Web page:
624 pages, 11 b/w photos, 250 b/w illustrations, 35 tables
Why do you switch from walking to running at a specific speed? Why do tall trees rarely blow over in high winds? And why does a spore ejected into air at seventy miles per hour travel only a fraction of an inch?
Comparative Biomechanics: Life's Physical World is the first and only textbook that takes a comprehensive look at the mechanical aspects of life – covering animals and plants, structure and movement, and solids and fluids. An ideal entry point into the ways living creatures interact with their immediate physical world, this revised and updated edition examines how the forms and activities of animals and plants reflect the materials available to nature, considers rules for fluid flow and structural design, and explores how organisms contend with environmental forces.
Drawing on physics and mechanical engineering, Steven Vogel looks at how animals swim and fly, modes of terrestrial locomotion, organism responses to winds and water currents, circulatory and suspension-feeding systems, and the relationship between size and mechanical design. He also investigates links between the properties of biological materials – such as spider silk, jellyfish jelly, and muscle – and their structural and functional roles. Early chapters and appendices introduce relevant physical variables for quantification, and problem sets are provided at the end of each chapter.
Comparative Biomechanics: Life's Physical World is useful for physical scientists and engineers seeking a guide to state-of-the-art biomechanics. For a wider audience, Comparative Biomechanics: Life's Physical World establishes the basic biological context for applied areas – including ergonomics, orthopedics, mechanical prosthetics, kinesiology, sports medicine, and biomimetics – and provides materials for exhibit designers at science museums.
Praise for the previous edition:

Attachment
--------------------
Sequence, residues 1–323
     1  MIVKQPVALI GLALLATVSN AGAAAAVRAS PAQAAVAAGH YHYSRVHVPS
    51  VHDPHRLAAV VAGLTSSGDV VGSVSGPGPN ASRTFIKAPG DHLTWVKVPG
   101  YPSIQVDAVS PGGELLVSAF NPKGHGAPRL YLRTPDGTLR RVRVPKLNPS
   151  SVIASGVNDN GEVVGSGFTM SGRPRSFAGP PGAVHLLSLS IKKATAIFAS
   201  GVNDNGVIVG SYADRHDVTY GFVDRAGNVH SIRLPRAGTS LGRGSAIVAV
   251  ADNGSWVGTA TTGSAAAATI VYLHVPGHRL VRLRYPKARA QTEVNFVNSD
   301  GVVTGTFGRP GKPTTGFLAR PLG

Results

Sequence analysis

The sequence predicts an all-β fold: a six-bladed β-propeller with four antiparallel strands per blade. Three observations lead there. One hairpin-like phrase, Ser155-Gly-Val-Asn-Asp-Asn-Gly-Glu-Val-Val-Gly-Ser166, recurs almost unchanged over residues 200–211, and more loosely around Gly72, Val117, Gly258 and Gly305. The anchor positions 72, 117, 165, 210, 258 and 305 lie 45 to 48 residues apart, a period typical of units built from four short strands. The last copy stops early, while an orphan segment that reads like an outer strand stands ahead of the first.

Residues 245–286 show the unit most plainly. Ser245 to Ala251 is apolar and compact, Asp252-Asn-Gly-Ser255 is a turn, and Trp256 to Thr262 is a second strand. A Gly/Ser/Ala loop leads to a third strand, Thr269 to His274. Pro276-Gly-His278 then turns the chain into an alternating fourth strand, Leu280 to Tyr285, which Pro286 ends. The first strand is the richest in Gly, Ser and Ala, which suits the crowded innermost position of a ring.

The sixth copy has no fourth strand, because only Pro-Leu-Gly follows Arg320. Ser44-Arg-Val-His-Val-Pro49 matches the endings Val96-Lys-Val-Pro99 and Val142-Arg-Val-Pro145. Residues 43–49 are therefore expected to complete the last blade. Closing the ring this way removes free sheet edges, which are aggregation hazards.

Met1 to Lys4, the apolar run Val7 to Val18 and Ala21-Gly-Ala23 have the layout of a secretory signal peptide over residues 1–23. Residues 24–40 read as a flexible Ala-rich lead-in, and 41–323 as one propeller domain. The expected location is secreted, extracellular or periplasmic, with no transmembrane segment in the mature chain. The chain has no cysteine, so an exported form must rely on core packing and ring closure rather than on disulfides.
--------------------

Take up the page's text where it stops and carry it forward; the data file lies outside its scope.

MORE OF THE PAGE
"Throughout the book, Vogel introduces the formulae and principles that matter in a clear manner, and illustrates them with a dizzying array of biological and physical examples [...] . [T]his book is tremendous fun to read. Vogel writes with an effervescent sense of delight in his subject. The text is laced with wit and humor, and sprinkled with eclectic examples of nature's many marvels. None of the fun, however, diminishes the clarity."
– Daniel E. Lieberman, Nature
"I tried skim-reading Steven Vogel's Comparative Biomechanics [...] but was compromised: the volume has so many little gems scattered throughout that my eye got caught by the glitter and couldn't escape. In earlier books, Vogel introduced biomechanics piecemeal. Now he has written an integrated textbook on the subject."
– Julian F. V. Vincent, Science
"Science books are generally read for three reasons: it is assigned, it provides an introduction to an unfamiliar field, or because it is a truly enjoyable read. Great science books meet all three [...] . With Comparative Biomechanics, Vogel has now produced a book that meets all three criteria of a great science book."
– Scott Turner, Quarterly Review of Biology
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